Residential buildings account for significant proportions of energy demand and greenhouse gas emissions. The dwelling and occupants together have a strong impact on the temporal characteristics of energy demand. This paper presents and validates a new stochastic electricity, space heating (SH) and domestic hot water (DHW) model for UK residential buildings, called CREST Heat and Power (CHAP). The open source model is easily adaptable to over 14,000 different building configurations, which represent the UK residential building stock. A validation with empirical data on domestic hot water, gas demand, and internal temperatures demonstrates the accuracy of the new SH and DHW parts of the model. Notwithstanding some uncertainties in extracting the DHW run-off profiles, the energy consumption, water volume, and the dependency on the number of residents are all well considered. The CHAP model produces mean SH, DHW and temperature profiles that are broadly in agreement with the employed field studies. Future work should focus on the consideration of appliances at the heat/power interface, improving the DHW calibration and extending the approach to other national contexts.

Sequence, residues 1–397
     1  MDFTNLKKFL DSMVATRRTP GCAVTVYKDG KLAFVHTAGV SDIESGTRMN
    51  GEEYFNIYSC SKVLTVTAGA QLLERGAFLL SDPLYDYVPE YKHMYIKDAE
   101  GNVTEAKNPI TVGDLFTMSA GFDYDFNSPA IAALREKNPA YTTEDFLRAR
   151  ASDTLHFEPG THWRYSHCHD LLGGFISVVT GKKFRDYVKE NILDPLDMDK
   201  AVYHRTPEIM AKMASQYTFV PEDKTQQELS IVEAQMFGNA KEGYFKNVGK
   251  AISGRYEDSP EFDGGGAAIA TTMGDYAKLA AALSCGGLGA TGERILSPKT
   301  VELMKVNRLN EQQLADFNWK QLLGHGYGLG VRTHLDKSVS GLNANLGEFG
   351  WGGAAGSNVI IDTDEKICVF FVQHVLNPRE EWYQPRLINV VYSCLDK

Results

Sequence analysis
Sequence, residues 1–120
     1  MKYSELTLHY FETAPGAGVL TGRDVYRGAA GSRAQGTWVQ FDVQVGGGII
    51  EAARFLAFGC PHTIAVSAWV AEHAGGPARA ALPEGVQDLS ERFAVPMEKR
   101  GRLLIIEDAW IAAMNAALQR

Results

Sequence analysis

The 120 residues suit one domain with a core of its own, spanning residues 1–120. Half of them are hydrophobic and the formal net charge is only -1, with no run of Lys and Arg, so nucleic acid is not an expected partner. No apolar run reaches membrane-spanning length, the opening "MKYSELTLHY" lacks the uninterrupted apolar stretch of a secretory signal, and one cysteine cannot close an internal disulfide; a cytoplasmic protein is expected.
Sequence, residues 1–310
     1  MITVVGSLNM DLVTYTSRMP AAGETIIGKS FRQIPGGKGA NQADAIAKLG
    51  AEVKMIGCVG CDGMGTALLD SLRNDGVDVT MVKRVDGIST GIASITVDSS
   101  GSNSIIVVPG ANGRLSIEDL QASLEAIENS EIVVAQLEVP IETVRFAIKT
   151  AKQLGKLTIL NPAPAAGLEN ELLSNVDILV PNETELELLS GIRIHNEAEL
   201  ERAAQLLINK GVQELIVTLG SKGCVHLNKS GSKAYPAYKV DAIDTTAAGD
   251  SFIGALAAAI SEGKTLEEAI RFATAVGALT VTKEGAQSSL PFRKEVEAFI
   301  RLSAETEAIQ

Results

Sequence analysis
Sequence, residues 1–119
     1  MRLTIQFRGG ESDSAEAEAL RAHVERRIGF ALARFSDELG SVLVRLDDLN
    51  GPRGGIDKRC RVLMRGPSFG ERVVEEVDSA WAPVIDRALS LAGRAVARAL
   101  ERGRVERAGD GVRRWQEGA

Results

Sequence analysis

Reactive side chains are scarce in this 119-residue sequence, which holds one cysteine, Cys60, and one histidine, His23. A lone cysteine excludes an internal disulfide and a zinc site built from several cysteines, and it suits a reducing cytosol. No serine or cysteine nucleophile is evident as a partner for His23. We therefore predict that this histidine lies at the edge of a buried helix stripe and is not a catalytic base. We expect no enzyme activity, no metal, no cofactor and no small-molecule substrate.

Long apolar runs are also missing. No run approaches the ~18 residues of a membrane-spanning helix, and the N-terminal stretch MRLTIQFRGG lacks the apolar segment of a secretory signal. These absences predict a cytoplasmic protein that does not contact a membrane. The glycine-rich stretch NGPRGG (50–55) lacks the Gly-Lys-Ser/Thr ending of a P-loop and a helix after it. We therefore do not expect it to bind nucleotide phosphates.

ASJC Scopus subject areas
- Civil and Structural Engineering
- Building and Construction
- Mechanical Engineering
- Electrical and Electronic Engineering